Cold panniculitis is a distinctive form of
panniculitis provoked directly by cold exposure to which infants
are more susceptible than adults.
The fat of the newborn appears to be more highly
saturated than that of older children and adults where it
solidifies at a higher temperature.
Cold panniculitis in infancy has almost always
follow exposure of the cheeks to extremely cold weather.
The lesions appear as indurated, warm, red,
subcutaneous plaques and nodules that manifest within hours or days
after exposure to cold. The most common sites involved are the cheeks
in infants, though they may be seen elsewhere in older children and
The induration resolves over a period of a week
or so, often leaving some residual postinflammatory
No treatment is required, though it is clearly
advisable for the child to avoid further cold exposure.
NEONATAL COLD INJURY
Neonatal cold injury is a disorder, which is due
to exposure of neonates to cold. The clinical manifestations are
hypothermia associated with lethargy and generalized pitting edema
of the skin simulating sclerema neonatorum.
Exposure to cold.
Intrauterine growth retardation, which results in
a relatively thin panniculus. Tight wrappings, which would restrict
Home delivery and traditional behavior of bathing
babies immediately after birth with cold water.
The infant is usually a full-term neonate, born
at home, but small for gestational age. In the great majority of
cases, presentation is within the first 4 days of life and usually
during the first 24 hours which has a high mortality rate. The infant
may show different general manifestations such as immobility,
drowsiness, poor feeding, vomiting, oliguria, and gastro-intestinal
bleeding with vomiting of altered blood or melena.
The most striking features are intense erythema,
cyanosis or petechiae of the face and extremities. Firm pitting
edema beginning at the extremities and spreading centrally which
becomes later progressive and more indurated.
The skin feels
cold and the baby is usually
Sclerema neonatorum .The generally healthy state
of the infant before the onset of the cutaneous induration and the
pitting nature may help in the differential diagnosis.
History of cold exposure.
Low rectal temperature.
SUBCUTANEOUS FAT NECROSIS OF THE NEW BORN
Subcutaneous fat necrosis of the newborn is an
uncommon and transient disorder of neonates in which focal areas of
fat necrosis cause nodular skin lesions.
This nodular necrosis of subcutaneous fat may
occasionally be associated with hypercalcaemia.
Subcutaneous fat necrosis generally occurs in
full-term or post-term infants of normal birth weight, during the
first 6 weeks of life.
Different predisposing factors play an important
role in the etiology of subcutaneous fat necrosis of the newborn.
These include the following:
Protease inhibitor deficiency.
Disorder of brown fat.
Transient thrombocytopenia has been reported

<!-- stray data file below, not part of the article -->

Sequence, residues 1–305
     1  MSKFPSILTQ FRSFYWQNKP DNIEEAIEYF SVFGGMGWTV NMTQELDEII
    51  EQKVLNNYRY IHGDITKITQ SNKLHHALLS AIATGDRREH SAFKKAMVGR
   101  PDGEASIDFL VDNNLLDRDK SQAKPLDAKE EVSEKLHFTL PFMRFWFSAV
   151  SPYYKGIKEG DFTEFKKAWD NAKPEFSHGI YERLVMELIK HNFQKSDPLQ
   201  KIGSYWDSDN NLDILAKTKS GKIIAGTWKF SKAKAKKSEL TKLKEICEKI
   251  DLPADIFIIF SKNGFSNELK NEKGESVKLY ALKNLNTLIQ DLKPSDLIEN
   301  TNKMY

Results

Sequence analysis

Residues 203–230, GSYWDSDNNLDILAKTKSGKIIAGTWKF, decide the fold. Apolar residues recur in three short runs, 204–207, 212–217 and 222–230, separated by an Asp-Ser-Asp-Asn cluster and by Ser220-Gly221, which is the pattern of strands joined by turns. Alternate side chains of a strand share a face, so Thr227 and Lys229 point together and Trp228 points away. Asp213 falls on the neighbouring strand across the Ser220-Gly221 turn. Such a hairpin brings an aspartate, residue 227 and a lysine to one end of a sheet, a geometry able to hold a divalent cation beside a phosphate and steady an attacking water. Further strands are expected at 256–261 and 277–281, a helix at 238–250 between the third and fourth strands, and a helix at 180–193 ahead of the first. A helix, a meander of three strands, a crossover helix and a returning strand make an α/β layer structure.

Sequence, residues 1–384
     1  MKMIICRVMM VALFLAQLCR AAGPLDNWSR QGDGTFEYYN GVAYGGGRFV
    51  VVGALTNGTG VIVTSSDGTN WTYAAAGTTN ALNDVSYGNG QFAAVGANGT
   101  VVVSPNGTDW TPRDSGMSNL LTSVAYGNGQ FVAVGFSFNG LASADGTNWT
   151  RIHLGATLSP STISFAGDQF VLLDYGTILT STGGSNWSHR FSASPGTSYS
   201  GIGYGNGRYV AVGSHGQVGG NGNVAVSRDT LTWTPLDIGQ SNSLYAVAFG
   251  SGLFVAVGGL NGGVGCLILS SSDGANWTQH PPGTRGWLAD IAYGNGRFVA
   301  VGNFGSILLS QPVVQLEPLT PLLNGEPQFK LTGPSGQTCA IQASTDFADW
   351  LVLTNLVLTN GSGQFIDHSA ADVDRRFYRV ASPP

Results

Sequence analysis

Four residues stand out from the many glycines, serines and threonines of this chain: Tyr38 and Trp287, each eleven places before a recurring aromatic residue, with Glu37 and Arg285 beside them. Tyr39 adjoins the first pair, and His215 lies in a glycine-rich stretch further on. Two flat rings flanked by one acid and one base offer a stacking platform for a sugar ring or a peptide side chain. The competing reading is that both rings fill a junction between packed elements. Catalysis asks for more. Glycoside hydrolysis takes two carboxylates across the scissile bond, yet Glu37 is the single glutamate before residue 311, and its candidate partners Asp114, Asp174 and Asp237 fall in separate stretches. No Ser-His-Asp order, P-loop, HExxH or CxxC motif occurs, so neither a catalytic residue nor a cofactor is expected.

during the period of initial development of the lesions, possibly
due to the sequestration of platelets.
Infants who develop subcutaneous fat necrosis are
generally full-term or post-term neonates of normal weight. In most
cases, the child‘s health is not
impaired, and within a few months the nodules disappear.
Skin lesions may be single or multiple, rounded
or oval, and pea-sized or many centimeters in diameter and
symmetrically distributed. They are initially discrete but may fuse
to form large plaques. The overlying skin is often red or
Nodular thickening of the subcutaneous tissues is
usually first detected between the second and 21st day of life. The
nodules tend to be multiple and show a predilection for buttocks, thighs,
shoulders, back, cheeks and arms. The nodules feel rubbery or hard
and are not attached to the deeper structures. New nodules may
continue to develop for a week or more.
Where calcium deposition is marked the lesions
may take rather longer to resolve. Usually no trace of the nodules
remains but there may be slight atrophy.
Rarely, the nodules may ulcerate, discharge their
fatty contents and leave scars.
The condition has occasionally been fatal,
particularly when visceral fat has been involved.
Neonates delivered by forceps may develop
subcutaneous nodules at the sites where the forceps were applied,
presumably as a result of traumatic fat necrosis.
All infants who have subcutaneous fat necrosis
should have their serum calcium measured on presentation and a few
If hypercalcaemia is present, its cause requires
thorough investigation to exclude disorders such as primary
hyperparathyroidism and vitamin D intoxication.
None is required.
Hypercalcaemia will require treatment by:
Administration of fursemide.
Restriction of dietary calcium and vitamin D.
Oral corticosteroids may be required in some
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